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Diagn Cytopathol. 2000 Apr;22(4):246-9.

A case of amelanotic spindle-cell melanoma presenting as metastases to breast and axillary lymph node: diagnosis by FNA cytology.

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  • 1Cytopathology and FNA Services, Los Angeles County and University of Southern California Healthcare Network, Los Angeles 90033, USA.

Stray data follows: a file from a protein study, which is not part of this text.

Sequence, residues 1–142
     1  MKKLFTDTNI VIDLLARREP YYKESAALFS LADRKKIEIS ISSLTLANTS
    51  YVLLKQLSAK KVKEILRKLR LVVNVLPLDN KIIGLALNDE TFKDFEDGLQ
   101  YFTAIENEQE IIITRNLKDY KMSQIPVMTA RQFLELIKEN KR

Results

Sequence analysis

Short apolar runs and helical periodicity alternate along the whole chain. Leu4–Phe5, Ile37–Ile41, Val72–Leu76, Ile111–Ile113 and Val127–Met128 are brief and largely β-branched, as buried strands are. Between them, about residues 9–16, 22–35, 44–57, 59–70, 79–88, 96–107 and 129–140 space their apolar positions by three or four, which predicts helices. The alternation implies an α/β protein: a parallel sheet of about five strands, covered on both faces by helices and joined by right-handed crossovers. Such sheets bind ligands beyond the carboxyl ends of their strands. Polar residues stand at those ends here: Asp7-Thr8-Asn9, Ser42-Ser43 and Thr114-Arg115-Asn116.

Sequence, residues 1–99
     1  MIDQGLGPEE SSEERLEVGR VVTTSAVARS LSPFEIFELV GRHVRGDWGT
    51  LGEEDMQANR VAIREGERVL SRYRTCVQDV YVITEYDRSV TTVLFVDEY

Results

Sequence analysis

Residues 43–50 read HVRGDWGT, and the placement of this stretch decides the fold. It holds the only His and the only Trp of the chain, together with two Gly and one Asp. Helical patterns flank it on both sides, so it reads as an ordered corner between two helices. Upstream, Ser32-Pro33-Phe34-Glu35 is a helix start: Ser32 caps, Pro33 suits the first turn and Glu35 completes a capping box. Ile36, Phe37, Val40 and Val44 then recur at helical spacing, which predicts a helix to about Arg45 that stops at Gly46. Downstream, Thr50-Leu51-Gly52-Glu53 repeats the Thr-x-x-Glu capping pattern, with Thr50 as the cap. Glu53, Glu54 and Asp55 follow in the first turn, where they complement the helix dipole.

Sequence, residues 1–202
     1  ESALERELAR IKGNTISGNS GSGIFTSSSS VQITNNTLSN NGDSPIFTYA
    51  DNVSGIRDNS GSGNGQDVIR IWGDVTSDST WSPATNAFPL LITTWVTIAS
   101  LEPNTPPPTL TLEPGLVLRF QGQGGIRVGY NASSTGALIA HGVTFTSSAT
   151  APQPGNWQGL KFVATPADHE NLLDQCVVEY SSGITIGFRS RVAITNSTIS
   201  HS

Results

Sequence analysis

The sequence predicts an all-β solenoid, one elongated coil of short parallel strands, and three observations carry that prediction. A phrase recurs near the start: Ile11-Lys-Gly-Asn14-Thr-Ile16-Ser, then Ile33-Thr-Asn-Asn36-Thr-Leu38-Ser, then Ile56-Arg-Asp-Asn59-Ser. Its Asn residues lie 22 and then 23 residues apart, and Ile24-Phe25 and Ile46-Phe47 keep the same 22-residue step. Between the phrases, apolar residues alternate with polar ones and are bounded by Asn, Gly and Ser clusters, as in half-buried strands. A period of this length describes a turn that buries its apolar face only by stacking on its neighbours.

Metastatic neoplasms to the breast are relatively rare. Spindle-cell lesions of the breast are also uncommon. Here we present a case of fine-needle aspiration (FNA) of an amelanotic, spindle-cell melanoma metastatic to the breast and axillary lymph node. The patient was a 47-yr-old female who presented with a right breast mass, left axillary adenopathy, and a pigmented skin lesion on the back. FNA of the right breast and left axilla showed malignant, nonpigmented spindle cells that were weakly positive for HMB-45 on immunocytochemistry. The skin biopsy showed a pigmented malignant melanoma with epithelioid features, and also weak positivity for HMB-45. Although malignant melanoma is one of the more common tumors to metastasize to the breast, this is the first known case that showed exclusive spindle-cell morphology. History and physical examination were crucial in making the correct FNA diagnosis. The cytologic differential diagnosis of spindle-cell tumors of breast and the discordant morphology between the primary and metastatic melanotic lesions observed in this case are discussed.

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